All too often, our Black boys are told what they can’t do rather than what they can, but one school district is fighting back. Six years ago, the Oakland Unified School District’s Office of African American Male Achievement (AAMA) introduced Manhood Development, a mentoring program taught by Black men that caters to Black boys. “Having classes where Black boys feel safe—where they can truly be their authentic selves and begin to learn how to navigate the rest of the school or their community—unlocks their beauty and brilliance in ways that, unfortunately, not enough classes in schools are doing,” says Chris Chatmon, executive director of the AAMA. More than half of the boys from the initiative’s first year are attending college with scholarships, and the percentage of Black male students within the program with a GPA of at least 3.0 has risen from 16 to 25 percent.
Our history matters—and we benefit from learning it. A recent study found that high schoolers in San Francisco who enrolled in ethnic studies performer better in classes than those who didn’t. Those students achieved GPAs that were 1.4 points higher than students not enrolled.
More than 1,300 low-income Kansas City families are receiving the gift of high-speed Internet. Last summer, Google Fiber partnered with the U.S. Department of Housing and Urban Development to bring free, fast Internet to public housing complexes in 20 cities across the country. The program, which officially kicked off in Kansas City this past February, will expand to 10 other cities.
There’s a new head honcho in the sports world. Earlier this year, former Coca-Cola executive Lisa Borders was named president of the WNBA, making her the second Black woman to oversee the organization. In her new role, Borders hopes to extend the league’s reach even further.
It’s no secret that the Black community is a political force—during the 2012 elections, Black women voted at higher rates than any other demographic. A new report found that Wisconsin, Ohio, Mississippi, Michigan and Missouri boast the highest number of politically engaged Blacks in the country. Let’s continue to harness our voting power in 2016.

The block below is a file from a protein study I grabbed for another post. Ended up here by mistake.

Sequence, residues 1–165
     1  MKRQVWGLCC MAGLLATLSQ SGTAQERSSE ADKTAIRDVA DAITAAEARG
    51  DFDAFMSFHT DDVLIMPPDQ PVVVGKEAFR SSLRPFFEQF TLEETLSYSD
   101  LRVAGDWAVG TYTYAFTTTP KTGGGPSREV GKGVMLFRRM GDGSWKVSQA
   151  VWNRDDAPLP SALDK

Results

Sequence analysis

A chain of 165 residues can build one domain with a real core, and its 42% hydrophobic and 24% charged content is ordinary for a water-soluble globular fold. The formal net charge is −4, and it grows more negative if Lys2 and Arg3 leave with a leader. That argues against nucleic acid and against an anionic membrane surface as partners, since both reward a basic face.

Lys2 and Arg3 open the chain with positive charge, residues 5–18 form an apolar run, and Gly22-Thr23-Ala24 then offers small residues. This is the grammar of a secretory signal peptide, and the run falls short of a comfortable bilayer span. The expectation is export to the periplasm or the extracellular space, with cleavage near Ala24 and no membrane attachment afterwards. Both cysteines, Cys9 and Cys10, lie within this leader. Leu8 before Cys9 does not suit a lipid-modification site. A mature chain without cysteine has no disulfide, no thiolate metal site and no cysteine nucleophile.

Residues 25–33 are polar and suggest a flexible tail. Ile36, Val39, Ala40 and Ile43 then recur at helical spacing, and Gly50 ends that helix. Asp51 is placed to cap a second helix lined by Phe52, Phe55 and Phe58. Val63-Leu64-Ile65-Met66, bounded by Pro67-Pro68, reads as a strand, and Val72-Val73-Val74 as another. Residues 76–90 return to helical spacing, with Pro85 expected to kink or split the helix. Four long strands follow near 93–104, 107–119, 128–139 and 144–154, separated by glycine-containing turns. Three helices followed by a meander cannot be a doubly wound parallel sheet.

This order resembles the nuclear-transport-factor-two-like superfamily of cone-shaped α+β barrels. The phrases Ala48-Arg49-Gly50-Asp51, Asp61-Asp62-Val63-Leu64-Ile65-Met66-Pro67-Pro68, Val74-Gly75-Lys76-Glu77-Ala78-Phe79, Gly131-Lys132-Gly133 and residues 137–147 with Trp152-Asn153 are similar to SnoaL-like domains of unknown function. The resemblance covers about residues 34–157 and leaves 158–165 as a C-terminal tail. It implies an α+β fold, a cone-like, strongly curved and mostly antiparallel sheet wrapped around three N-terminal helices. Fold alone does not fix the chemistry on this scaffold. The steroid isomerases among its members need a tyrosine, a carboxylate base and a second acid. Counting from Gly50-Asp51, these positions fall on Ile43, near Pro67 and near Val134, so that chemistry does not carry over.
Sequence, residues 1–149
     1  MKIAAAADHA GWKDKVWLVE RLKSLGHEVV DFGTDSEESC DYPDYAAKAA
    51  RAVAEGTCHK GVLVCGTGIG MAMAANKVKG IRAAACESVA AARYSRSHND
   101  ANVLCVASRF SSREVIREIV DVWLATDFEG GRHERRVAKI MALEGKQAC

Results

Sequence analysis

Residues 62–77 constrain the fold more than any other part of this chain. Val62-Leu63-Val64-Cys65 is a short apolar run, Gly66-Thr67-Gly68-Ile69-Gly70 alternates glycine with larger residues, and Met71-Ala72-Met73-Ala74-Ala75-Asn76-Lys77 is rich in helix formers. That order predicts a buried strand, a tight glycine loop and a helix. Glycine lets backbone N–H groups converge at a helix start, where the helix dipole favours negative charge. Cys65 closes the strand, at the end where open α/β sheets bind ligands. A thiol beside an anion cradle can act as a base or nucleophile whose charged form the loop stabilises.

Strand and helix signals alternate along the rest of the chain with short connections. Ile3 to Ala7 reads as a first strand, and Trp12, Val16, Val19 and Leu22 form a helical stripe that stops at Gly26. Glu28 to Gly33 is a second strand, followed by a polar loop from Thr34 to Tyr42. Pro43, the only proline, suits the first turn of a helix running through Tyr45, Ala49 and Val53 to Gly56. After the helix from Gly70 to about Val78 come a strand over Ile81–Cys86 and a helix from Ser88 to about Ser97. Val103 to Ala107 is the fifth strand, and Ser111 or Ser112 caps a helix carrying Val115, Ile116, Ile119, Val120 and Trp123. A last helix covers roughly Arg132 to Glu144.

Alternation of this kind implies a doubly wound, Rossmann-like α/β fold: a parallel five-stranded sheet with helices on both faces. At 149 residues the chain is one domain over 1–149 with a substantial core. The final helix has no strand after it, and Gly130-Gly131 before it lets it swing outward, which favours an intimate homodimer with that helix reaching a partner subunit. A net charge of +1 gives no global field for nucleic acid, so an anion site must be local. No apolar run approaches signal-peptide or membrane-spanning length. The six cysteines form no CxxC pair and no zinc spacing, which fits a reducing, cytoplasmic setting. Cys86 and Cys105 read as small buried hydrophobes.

Silicon Valley isn’t the only place churning out tech geniuses. In 2015, coding wizard Ernestina Edem Appiah founded the Ghana Code Club, an after-school initiative that, through computer games and web site building, teaches students between the ages of 8 and 17 coding skills. The program is launching in 20 schools in Ghana to serve 20,000 children.
After Nevada third-grader Lauren Laray heard that her friend’s little sister was diagnosed with cancer, the pint-size do-gooder sprung into action. Laray, who has a YouTube channel offering tutorials for various crafts, began making wigs for young cancer patients and created a GoFundMe page that surpassed its goal of $1,200. She plans to make 30 wigs by this summer and donate them to the Nevada Childhood Cancer Foundation.
Want to buy Black but don’t know where to start? There’s an app for that. Atlanta-based entrepreneur Dionne Mahaffey’s WHERE U Came From is a free app that provides a nationwide database of hundreds of Black-owned businesses in cities like Washington, D.C., San Antonio and Seattle. Users can download the app from The App Store or Google Play and browse for Black service professionals—from doctors to personal shoppers to plumbers.
A New York City jury found NYPD Officer Peter Liang guilt of second-degree manslaughter, criminally negligent homicide, second-degree reckless endangerment and official misconduct for the November 2014 shooting 28-year-old Akai Gurley. Liang was patrolling a Brooklyn apartment building when Gurley and his girlfriend entered the stairwell three flights below. Liang fired a shot, which ricocheted off the cinder block wall, fatally wounding Gurley.
“The resident of Ferguson have suffered the deprivation of their constitution rights—the rights guaranteed to all Americans—for decades. They have waited decades for justice. They should not be forced to wait any longer.” U.S. Attorney General Loretta Lynch, announcing a federal lawsuit against the city of Ferguson, Missouri, for failure to implement the Department of Justice’s police reform recommendations.
Justice for All